Kohl’s Wild Theater & Aldo Leopold Foundation Honor Wisconsin’s Conservation History
This Earth Day, Wisconsinites will celebrate famous conservationists from the Badger State, including noted authors and naturalists John Muir and Aldo Leopold. That’s why the Zoological Society of Milwaukee is thrilled to announce a collaboration with the Aldo Leopold Foundation and Estella Leopold, the last surviving child of Aldo Leopold, on a new Kohl’s Wild Theater Play. The new musical, “Aldo Leopold and the Ghost of Sand County,” will teach children in kindergarten through fifth grade about Wisconsin’s rich conservation history and the importance of preserving nature for future generations.
“When we decided to create a play about Wisconsin conservationists, we wanted to go right to the source,” says Dave McLellan, Kohl’s Wild Theater coordinator. “That’s why we’re so excited to be working with the Leopold Foundation and Estella Leopold on this project.” Kohl’s Wild Theater actors, playwrights and composers are creating the script in collaboration with Estella and the foundation. “The entire Leopold family became extraordinary conservationists,’” McLellan says. “Their contributions are an excellent example of Wisconsin’s legacy of conservation leaders.”
Jennifer Kobylecky, director of education for the Aldo Leopold Foundation, says, “It is so important for kids, especially in urban areas, to be encouraged to connect with and explore the outdoors. This play is funny, engaging, and shows children how they can help take care of the Earth, which of course takes care of us.” Kobylecky also emphasizes that the partnership between the Aldo Leopold Foundation and Kohl’s Wild Theater is a great match-up of each organization’s strengths. “This will be a fun, exciting and productive partnership to celebrate Wisconsin’s conservation heritage and ensure these kids are invited to be part of its future.” Estella Leopold even shared an advanced copy of her forthcoming book of autobiographical essays, Tales from the Shack, to help the playwrights add authentic details.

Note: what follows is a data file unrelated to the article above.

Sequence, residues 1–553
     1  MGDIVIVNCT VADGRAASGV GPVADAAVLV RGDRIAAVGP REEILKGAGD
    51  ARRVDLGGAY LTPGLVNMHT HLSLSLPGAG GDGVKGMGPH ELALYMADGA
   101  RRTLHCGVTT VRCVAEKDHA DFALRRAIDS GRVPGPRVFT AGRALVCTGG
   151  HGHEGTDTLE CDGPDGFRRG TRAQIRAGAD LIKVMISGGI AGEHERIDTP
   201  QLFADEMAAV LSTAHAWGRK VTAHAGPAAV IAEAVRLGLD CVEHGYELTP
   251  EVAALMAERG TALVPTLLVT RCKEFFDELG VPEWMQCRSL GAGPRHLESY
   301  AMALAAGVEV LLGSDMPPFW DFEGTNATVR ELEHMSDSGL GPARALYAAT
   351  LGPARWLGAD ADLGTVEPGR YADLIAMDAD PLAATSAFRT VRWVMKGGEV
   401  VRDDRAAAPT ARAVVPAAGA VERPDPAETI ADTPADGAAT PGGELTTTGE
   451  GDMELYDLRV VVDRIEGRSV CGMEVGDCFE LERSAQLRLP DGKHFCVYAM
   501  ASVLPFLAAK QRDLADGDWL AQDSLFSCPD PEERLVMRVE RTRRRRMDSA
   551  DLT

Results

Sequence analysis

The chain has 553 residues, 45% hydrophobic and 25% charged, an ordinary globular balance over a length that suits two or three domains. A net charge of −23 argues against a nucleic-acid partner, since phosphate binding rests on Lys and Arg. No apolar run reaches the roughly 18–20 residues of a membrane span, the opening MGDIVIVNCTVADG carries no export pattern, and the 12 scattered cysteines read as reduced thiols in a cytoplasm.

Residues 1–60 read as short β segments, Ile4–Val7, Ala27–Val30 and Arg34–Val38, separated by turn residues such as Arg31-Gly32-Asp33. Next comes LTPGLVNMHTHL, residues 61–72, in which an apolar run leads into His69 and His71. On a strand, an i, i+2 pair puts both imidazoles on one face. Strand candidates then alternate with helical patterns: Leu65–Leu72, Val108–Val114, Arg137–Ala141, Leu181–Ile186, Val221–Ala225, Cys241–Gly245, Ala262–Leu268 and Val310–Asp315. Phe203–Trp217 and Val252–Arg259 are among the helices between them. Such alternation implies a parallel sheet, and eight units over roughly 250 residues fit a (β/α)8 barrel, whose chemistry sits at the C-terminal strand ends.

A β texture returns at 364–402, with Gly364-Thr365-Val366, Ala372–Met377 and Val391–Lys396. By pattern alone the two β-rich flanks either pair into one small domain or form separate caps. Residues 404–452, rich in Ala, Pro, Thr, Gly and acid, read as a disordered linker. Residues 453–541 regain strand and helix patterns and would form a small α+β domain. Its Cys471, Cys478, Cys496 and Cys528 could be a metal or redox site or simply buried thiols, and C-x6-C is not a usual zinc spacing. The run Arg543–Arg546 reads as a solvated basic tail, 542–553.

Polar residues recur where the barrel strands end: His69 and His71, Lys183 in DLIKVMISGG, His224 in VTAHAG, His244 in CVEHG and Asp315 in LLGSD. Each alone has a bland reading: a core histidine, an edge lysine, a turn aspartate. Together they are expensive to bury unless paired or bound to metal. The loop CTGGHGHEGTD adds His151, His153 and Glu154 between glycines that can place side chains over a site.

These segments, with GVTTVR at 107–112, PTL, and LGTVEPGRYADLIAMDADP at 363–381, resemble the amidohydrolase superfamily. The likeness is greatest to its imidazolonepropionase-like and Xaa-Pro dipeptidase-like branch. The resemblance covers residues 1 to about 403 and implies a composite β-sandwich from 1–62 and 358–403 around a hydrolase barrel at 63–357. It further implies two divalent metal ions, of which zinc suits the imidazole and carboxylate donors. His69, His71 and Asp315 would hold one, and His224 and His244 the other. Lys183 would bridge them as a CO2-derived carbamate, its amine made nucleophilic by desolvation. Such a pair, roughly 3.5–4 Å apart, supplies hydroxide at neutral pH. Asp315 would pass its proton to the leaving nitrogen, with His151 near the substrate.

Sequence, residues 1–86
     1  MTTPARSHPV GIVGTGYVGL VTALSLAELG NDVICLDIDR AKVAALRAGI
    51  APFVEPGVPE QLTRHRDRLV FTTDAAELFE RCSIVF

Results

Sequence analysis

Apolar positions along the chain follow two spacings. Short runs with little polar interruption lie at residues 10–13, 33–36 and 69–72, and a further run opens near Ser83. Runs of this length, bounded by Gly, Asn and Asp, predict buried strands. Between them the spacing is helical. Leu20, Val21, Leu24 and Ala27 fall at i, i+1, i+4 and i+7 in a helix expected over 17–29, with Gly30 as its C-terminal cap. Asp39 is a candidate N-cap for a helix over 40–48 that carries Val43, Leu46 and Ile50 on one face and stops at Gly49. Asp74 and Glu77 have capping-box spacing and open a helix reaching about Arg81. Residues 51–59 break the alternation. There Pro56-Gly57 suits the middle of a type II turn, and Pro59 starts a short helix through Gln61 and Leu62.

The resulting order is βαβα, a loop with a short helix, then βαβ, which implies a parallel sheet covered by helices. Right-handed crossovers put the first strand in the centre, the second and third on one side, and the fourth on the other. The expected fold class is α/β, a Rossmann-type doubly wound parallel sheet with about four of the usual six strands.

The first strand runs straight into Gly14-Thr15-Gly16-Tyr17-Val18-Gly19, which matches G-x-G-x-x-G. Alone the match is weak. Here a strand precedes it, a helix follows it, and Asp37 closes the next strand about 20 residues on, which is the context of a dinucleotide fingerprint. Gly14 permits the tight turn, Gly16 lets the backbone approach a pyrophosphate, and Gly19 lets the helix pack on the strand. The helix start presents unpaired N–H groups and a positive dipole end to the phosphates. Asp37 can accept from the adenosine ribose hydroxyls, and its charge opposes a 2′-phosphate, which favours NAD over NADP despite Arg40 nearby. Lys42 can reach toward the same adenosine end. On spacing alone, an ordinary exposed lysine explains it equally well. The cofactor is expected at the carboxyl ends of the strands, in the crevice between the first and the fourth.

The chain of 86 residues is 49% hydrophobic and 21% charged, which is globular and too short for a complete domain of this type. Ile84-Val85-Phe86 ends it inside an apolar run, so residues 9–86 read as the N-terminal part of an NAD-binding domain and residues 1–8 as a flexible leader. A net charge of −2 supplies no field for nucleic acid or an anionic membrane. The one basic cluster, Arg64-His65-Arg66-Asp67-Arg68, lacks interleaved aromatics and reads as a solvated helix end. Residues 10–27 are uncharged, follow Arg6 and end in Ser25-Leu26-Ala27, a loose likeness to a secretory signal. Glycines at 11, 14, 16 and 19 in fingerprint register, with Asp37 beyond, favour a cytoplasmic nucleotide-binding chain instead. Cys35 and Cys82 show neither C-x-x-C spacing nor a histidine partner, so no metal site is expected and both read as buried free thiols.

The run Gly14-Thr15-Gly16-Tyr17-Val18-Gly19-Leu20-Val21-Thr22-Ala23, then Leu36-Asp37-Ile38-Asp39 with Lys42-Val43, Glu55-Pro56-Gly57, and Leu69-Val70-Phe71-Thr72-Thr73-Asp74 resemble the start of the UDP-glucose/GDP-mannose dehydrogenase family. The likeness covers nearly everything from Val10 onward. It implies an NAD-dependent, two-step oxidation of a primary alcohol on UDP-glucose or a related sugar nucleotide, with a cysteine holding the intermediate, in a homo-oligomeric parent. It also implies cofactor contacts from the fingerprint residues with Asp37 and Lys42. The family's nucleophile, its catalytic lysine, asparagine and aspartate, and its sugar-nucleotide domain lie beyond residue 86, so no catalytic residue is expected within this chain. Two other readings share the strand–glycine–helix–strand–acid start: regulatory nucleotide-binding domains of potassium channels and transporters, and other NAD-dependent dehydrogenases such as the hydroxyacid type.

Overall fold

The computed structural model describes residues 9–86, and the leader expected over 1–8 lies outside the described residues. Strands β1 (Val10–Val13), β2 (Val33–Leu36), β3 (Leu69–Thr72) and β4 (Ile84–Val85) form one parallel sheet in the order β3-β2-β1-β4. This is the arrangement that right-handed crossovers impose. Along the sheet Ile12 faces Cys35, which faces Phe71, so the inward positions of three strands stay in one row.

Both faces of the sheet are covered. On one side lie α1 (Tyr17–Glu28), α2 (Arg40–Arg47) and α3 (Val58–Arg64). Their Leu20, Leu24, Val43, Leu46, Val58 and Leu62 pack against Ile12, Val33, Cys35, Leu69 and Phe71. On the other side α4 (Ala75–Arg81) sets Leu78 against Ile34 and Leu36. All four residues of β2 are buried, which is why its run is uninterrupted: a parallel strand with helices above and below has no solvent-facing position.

Considered by many as the father of wildlife management and of the United States’ wilderness system, Aldo Leopold was a conservationist, forester, philosopher, educator, writer, and outdoor enthusiast. In 1935, he and his family initiated their own ecological restoration experiment on a worn-out farm along the Wisconsin River outside of Baraboo, Wisconsin. His most famous work, A Sand County Almanac, was published a year after he died in 1948 and has been translated into 13 languages.
Dave McLellan and Jennifer Kobylecky are available to talk about their collaboration, Wisconsin’s strong history of conservation and the importance of teaching children about the natural world. The play will be performed free of charge at elementary schools around southeastern Wisconsin starting in January 2017. Kohl’s Wild Theater started booking performances of the show in April and expects slots to fill up quickly. Interested schools can call 414-258-2333 for more information or to book a show.
About Kohl’s Wild Theater
Kohl’s Wild Theater is made possible by a partnership among Kohl's Cares, the Milwaukee County Zoo and the Zoological Society of Milwaukee. The program provides conservation-themed theater performances using drama, songs and puppetry to children and their families at the Milwaukee County Zoo and at schools, community events and festivals, free of charge, within a one-hour radius of the Zoo. Visit www.wildtheater.org to learn more.
About the Zoological Society of Milwaukee
The Zoological Society of Milwaukee is a private nonprofit organization whose mission is to conserve wildlife and endangered species, educate people about the importance of wildlife and the environment, and support the Milwaukee County Zoo. For more information, visit www.zoosociety.org.
For more information, call: Stacy Vogel Davis at 414-258-2333, ext. 210 - April 14, 2016